Volcano Watch — Update on Soufriere Hills, Montserrat

Release Date:

Last Friday, July 18, marked the two-year anniversary of the ongoing eruption of Soufriere Hills volcano on the small Caribbean island of Montserrat. The sulfurous gases, drifting ash clouds, and avalanches of hot rock that periodically burgeon from the volcano have inflicted social and economic hardships that have become increasingly difficult for islanders to bear.

Last Friday, July 18, marked the two-year anniversary of the ongoing eruption of Soufriere Hills volcano on the small Caribbean island of Montserrat. The sulfurous gases, drifting ash clouds, and avalanches of hot rock that periodically burgeon from the volcano have inflicted social and economic hardships that have become increasingly difficult for islanders to bear.

The volcano's most destructive act was staged last month with the collapse of part of the massive dome of lavathat had been accumulating at the vent since November 1995. The ensuing avalanche of incandescent boulders and ash inundated the northern flank of the volcano, destroying homes and claiming lives. Margaret Mangan, HVO volcanologist currently in Montserrat assisting the team of Caribbean and United Kingdom scientists of the Montserrat Volcano Observatory, reports on the recent activity.

On Wednesday, June 25, a large section of the 240-m (800-ft) -high lava dome growing at the summit of Soufriere Hills volcano collapsed. In an instant, lethal surges of hot rock, called pyroclastic flows, swept over the north flank of the volcano toward the sea. A roiling column of ash shot up to 9,000 m (30,000 ft) within minutes. A thick rain of gray mud started to fall amid streaks of heat lightning, and a sickening, surreal darkness closed over the observatory. The pyroclastic flows and mud rain stormed the island for 25 minutes, destroying 150 homes and claiming eight lives. Eleven people remain missing.

In the days that followed, frequent but smaller dome collapses fed pyroclastic flows down both the northern and western flanks of the volcano. Flows invaded the capital city of Plymouth, whose 5,000 residents had been evacuated several months ago in anticipation of such an event. The entire city was choked with a searing cloud of ash. Fortunately, the flows stayed within the Gages-Fort Ghaut river valley that runs from the summit of the volcano through central Plymouth. Only houses on the banks of Fort Ghaut were damaged.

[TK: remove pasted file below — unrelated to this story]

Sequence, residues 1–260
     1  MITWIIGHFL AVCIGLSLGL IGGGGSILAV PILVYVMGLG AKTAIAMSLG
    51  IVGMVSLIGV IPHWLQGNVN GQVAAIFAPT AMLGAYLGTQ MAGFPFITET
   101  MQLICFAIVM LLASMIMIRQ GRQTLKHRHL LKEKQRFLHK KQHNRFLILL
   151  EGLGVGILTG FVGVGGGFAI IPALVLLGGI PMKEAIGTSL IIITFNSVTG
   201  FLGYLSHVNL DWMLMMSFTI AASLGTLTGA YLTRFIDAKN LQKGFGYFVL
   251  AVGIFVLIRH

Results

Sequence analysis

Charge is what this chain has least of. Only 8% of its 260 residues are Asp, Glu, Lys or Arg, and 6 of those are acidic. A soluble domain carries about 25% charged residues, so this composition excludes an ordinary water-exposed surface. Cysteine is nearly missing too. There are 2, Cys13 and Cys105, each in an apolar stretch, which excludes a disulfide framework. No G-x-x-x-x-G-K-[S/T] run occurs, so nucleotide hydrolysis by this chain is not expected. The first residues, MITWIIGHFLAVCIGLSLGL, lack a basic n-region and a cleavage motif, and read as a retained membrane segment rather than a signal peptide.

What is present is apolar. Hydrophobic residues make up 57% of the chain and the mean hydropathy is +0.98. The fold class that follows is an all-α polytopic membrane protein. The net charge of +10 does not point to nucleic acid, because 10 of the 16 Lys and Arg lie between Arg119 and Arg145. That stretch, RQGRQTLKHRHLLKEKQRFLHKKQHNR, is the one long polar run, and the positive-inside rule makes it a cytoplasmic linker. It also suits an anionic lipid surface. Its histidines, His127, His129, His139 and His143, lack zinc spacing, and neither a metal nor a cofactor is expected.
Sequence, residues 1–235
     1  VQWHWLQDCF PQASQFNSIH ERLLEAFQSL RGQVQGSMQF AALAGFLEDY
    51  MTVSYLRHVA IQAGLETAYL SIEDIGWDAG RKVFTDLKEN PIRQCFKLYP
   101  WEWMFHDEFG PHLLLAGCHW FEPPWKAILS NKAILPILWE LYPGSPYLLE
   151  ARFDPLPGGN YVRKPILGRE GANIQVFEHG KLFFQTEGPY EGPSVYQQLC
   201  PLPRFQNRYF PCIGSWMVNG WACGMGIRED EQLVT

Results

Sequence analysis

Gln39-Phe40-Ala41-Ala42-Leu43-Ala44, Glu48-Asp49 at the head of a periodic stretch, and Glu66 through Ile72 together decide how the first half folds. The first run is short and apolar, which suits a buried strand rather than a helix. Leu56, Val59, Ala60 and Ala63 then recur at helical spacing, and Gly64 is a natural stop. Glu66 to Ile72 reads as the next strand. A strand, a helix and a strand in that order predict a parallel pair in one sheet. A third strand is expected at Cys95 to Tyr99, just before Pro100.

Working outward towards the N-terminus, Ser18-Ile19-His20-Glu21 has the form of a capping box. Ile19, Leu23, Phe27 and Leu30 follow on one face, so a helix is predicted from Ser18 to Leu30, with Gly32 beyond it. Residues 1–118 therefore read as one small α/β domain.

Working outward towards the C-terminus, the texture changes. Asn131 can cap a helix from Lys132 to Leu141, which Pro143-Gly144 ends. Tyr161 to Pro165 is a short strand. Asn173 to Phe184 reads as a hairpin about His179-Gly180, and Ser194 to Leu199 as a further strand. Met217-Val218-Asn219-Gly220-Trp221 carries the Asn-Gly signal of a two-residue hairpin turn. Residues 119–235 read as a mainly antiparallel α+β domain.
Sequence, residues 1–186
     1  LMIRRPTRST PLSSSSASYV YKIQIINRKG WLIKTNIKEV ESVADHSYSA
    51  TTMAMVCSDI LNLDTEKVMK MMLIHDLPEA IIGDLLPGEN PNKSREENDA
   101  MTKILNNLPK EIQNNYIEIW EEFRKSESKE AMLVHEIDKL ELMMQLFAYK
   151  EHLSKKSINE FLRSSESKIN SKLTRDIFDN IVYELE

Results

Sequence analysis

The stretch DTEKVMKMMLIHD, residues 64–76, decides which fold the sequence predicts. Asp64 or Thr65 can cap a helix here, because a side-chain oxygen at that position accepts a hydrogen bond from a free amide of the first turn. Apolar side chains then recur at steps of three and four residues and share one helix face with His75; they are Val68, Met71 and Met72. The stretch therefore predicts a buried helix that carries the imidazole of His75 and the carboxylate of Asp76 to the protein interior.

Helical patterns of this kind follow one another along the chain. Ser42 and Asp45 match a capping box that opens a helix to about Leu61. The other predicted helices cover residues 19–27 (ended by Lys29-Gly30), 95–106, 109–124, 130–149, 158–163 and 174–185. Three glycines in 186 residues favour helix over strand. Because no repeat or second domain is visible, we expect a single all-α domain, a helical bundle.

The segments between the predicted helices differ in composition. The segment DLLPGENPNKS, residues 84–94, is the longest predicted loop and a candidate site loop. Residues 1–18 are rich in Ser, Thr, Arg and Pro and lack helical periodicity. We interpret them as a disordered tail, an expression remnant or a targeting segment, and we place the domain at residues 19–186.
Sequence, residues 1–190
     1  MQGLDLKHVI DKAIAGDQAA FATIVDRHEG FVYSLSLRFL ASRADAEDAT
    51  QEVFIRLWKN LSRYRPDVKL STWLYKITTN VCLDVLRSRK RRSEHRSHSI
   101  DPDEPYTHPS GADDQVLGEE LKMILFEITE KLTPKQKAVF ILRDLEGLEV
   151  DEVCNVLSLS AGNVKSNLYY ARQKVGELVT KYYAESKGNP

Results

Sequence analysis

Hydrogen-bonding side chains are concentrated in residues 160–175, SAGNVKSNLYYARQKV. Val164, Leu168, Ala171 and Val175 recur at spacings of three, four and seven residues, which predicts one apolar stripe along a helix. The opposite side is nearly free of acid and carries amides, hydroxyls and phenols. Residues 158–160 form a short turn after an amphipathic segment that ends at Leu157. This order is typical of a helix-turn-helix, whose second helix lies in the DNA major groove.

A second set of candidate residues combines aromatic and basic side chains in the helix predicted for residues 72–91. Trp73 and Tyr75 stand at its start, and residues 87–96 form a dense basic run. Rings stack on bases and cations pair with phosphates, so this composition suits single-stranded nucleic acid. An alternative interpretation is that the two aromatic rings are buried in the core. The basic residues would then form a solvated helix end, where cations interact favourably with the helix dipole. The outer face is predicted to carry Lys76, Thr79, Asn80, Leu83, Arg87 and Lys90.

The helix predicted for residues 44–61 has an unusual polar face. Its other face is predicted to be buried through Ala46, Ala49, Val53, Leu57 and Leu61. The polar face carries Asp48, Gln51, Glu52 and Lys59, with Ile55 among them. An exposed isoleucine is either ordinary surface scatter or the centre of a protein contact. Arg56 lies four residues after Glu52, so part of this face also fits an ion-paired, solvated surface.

The most intense pyroclastic-flow activity began to subside after July 4. Presently, the volcano suffers only minor rockfalls and dilute ash emissions. The dome itself was obscured by clouds, steam, and ash for several weeks running. The curtain lifted for a short while on July 17, however, revealing a new mass of hot lava nested in the gouge left by the June 25 collapse.

The pattern of dome growth and collapse seen at Soufriere Hills is typical of many explosive volcanic eruptions. Previous such eruptions in the Caribbean and elsewhere in the world indicate

that these cycles of growth and collapse can persist for 5 to 10 years. As the volcano enters its third year of eruption, the people of Montserrat bear up with remarkable fortitude in the face of continuing disruption and loss.

Volcano Activity Update

The big news at Kīlauea this past week was the renewed entry of lava into the ocean on the night of July 12, the first time since January 27 that liquid rock and liquid water have tried to mix. The flow, fed from a perched lava pond on the south side of Pu`u `O`o, entered the ocean about 500 m west of Waha`ula Heiau in Hawaii Volcanoes National Park. The flow front was wide, ranging from 300 m to 500 m, and an unstable lava delta was constructed 30-40 m beyond the old coastline. The flow into the sea nearly stopped on Thursday, July 17, because of blockages in the tube system that caused breakouts on the surface. At the time of this writing on Friday, there are numerous surface flows and an active ocean entry. The public is reminded that the area is extremely hazardous with frequent collapses of the lava delta accompanied by explosions.